3×3 Basketball:

  • became a formal basketball discipline in 2007
  • is considered no. 1 urban team sport
  • is exciting and innovative with a rich origin on streets and playgrounds
  • is regulated by FIBA (the International Basketball Federation)
  • is set to debut at the 2020 Summer Olympic Games and 2022 Commonwealth Games
  • has almost one million registered athletes
  • has world competitions in which 182 countries and regions participate
  • is simple and flexible enough to be played anywhere by anybody. All you need is a hoop, a half-court and six players.

3×3 is known for its highly entertaining atmosphere with games being played at iconic locations in the city centers, while DJs and music help create an energizing and urban atmosphere. Since 2012, FIBA has organized multiple events such as FIBA 3×3 World Cups and European Cups which are contested among nations while the FIBA 3×3 World Tour is club based. In 2017, 3×3 was added to Olympic program for the 2020 Olympic Games.

One Sport, Two Disciplines:

3×3 has not been around long as a formal and professional game, even though it has a rich origin on streets and playgrounds. In the past, the streetball format of three players per side using one basket was fondly called “21” or “three-on-three.” Despite the fact 3×3 shares a lot with streetball and traditional basketball, it is important to not equate this new Olympic discipline with either one. Traditional basketball is a game of five players a side on two baskets governed by FIBA from 1932 and streetball is an informal variation of basketball usually played on outdoor courts. 3×3 on the other hand, a game of three players a side on one basket, regulated by FIBA from 2007, is a formal stand-alone basketball discipline by own merits and was never a sub-product of the original format.


 3×3 Basketball Rules:

Here are the most basic rules of this fast-paced and exciting game.

  • 3×3 is played with two teams on one basket.
  • Each team consists of four players – three on the court and one substitute.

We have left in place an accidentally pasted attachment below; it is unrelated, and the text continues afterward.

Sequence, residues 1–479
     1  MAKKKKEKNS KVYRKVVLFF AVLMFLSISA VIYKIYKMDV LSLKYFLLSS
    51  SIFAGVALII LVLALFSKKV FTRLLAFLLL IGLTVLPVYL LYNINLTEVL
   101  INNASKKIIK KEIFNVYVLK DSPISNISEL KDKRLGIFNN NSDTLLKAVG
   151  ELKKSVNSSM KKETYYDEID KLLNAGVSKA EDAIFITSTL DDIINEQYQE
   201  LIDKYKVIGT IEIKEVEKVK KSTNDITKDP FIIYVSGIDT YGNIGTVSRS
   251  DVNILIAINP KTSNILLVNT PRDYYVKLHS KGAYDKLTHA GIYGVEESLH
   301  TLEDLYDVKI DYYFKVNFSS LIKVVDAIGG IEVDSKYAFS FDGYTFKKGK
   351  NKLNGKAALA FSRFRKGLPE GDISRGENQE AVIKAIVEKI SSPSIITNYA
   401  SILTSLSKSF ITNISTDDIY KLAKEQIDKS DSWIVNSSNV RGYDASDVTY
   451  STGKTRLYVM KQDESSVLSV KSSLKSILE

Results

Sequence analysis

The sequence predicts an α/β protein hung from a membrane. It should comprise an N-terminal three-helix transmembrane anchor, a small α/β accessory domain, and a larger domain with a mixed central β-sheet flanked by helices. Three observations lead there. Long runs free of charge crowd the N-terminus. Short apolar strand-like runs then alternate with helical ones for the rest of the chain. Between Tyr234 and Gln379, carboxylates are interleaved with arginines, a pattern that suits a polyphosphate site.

• The game lasts 10 minutes.
  • A coin flip determines which team will start the game with possession.
  • Team with the higher score at the end of regulation time wins.
  • ”Sudden death” rule: The first team to score 21 points or more wins the game if it happens before the end of regular playing time (this is not relevant to overtime).
  • Overtime is played if the game is tied after 10 minutes. The first team to score 2 points in overtime wins.
  • There is a 12-second offensive shot clock and stalling play is a violation.
  • Every shot inside the two-point arc or a free throw is worth one point while shots outside the two-point arc are worth two points.
  • There is no personal foul bonus due to the physical nature of the 3×3 game. However, the team will enter the penalty situation after the 6th foul. Team fouls 7, 8, and 9 will result in one free throw for the opposing team but the 10th foul and up will result in two free throws and ball possession.
  • After a made field goal or free throw, a player from a non-scoring team shall resume the game by dribbling or passing the ball from inside the court directly underneath the basket to a place on the court behind the two-point arc (”clearing the ball”). This is also the case after grabbing defensive rebounds or getting steals and blocks inside the two-point arc. However, the team on offense can try multiple times to score inside without having to clear the ball out.
  • Every possession starts inside the court! There is no inbounding the ball.
  • The offensive team starts possession at the top and middle of the 2-point arc after every dead ball situation. The ball is live after a check-ball (ie. exchange of the ball) is complete.
  • The defensive team automatically gets a possession after a jump ball situation is forced.
  • In-game coaching is not allowed.
  • The 3×3 ball, used in all competitions, is unique and different that of the standard ball used in the men’s full-court game.
  • 3×3, also referred to as the “10-minute sprint,” is always played in a tournament form where each team play mulitiple games at the event. A team can play a minimum of two and, in some cases, even seven or eight games in a day!
  • The official 3×3 rules and their biggest differences from traditional basketball’s are explored in detail in the book.

This book will be of particular interest to those readers who are new to 3×3 and are looking for a basic yet complete breakdown of the sport. The information in the book is also relevant to those readers who are already familiar with 3×3 but are looking to gain a better understanding. The author brings his expertise to the book, so no matter who is reading, that person is guaranteed to come away an expert on 3×3 basketball.